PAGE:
Safety, Costs, and Efficacy of Rapid Drug Desensitizations to Chemotherapy and Monoclonal Antibodies.

@article{Sloane2016SafetyCA,
  title={Safety, Costs, and Efficacy of Rapid Drug Desensitizations to Chemotherapy and Monoclonal Antibodies.},
  author={David Edward Sloane and Usha S Govindarajulu and Jacob Harrow-Mortelliti and William T. Barry and Florence Ida Hsu and David I Hong and Tanya M. Laidlaw and Ross I Palis and Henry J. Legere and Supinda Bunyavanich and Rebecca G. Breslow and Duane R Wesemann and Nora A. Barrett and Patrick Joseph Brennan and Hey Jin Chong and Anne Y. Liu and James M. Fernandez and Laura B. Fanning and Timothy Kyin and Katherine N Cahill and Lora G. Bankova and Ashly Lynch and Suzanne T. Berlin and Susana M. Campos and Charles S. Fuchs and Robert J. Mayer and Ursula A. Matulonis and Mariana C. Castells},
  journal={The journal of allergy and clinical immunology. In practice},
  year={2016},
  volume={4 3},
  pages={
          497-504
        }
}
BACKGROUND Rapid drug desensitization (RDD) is used to address hypersensitivity reactions to chemotherapeutics and monoclonal antibodies, allowing patients to be treated with optimal pharmacological agents. RDD protocols are tailored to each individual patient's reaction and needs, and protect against anaphylaxis, but overall risks, costs, and benefits have not been determined. OBJECTIVE We investigated the safety, efficacy, costs, and life expectancy of patients in a large population… CONTINUE READING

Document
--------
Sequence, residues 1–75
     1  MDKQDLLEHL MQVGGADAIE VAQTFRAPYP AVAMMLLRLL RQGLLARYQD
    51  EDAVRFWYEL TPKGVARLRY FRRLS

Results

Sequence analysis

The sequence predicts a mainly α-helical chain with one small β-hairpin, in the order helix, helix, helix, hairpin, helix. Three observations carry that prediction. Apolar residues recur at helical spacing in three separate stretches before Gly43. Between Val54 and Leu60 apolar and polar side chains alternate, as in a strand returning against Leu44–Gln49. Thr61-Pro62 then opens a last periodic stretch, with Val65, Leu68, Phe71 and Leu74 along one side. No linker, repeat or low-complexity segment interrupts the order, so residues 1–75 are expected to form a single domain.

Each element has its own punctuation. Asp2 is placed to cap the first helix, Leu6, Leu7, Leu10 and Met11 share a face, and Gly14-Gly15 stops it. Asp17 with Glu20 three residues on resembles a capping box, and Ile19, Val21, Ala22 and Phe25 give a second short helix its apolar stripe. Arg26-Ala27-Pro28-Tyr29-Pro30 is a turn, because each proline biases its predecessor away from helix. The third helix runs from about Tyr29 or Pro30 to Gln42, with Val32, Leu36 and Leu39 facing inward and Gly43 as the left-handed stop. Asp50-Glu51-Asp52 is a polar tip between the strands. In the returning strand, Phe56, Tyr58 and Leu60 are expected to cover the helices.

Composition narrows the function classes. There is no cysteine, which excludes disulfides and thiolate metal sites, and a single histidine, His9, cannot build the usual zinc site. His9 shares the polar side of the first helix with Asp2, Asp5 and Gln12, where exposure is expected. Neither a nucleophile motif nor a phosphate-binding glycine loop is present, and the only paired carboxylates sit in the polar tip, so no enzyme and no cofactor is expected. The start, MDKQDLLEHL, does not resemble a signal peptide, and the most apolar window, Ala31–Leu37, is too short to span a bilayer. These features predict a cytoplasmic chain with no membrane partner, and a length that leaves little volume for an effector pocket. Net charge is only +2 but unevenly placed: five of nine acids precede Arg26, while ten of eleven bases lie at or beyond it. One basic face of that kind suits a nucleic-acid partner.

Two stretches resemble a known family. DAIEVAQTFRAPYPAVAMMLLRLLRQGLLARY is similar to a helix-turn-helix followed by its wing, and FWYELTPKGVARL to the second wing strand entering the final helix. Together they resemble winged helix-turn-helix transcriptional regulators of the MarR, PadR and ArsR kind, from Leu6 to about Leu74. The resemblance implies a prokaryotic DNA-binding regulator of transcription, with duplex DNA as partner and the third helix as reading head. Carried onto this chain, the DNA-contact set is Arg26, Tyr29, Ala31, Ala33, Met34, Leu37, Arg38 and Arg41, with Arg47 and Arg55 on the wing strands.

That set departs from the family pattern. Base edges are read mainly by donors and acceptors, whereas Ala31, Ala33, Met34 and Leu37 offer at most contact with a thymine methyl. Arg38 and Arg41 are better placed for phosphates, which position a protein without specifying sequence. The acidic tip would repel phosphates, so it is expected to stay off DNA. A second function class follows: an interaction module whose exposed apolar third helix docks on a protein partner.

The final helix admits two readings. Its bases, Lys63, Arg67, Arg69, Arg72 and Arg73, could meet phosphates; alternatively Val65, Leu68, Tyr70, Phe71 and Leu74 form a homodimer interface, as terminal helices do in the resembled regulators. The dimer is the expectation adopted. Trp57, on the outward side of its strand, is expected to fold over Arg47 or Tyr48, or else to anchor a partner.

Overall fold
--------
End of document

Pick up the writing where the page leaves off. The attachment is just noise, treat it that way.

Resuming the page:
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A subgroup of carboplatin allergic patients with ovarian cancer treated with RDD was analyzed for costs and life expectancy and compared with a nonallergic control group .
A subgroup of carboplatin allergic patients with ovarian cancer treated with RDD was analyzed for costs and life expectancy and compared with a nonallergic control group .
A subgroup of carboplatin allergic patients with ovarian cancer treated with RDD was analyzed for costs and life expectancy and compared with a nonallergic control group .
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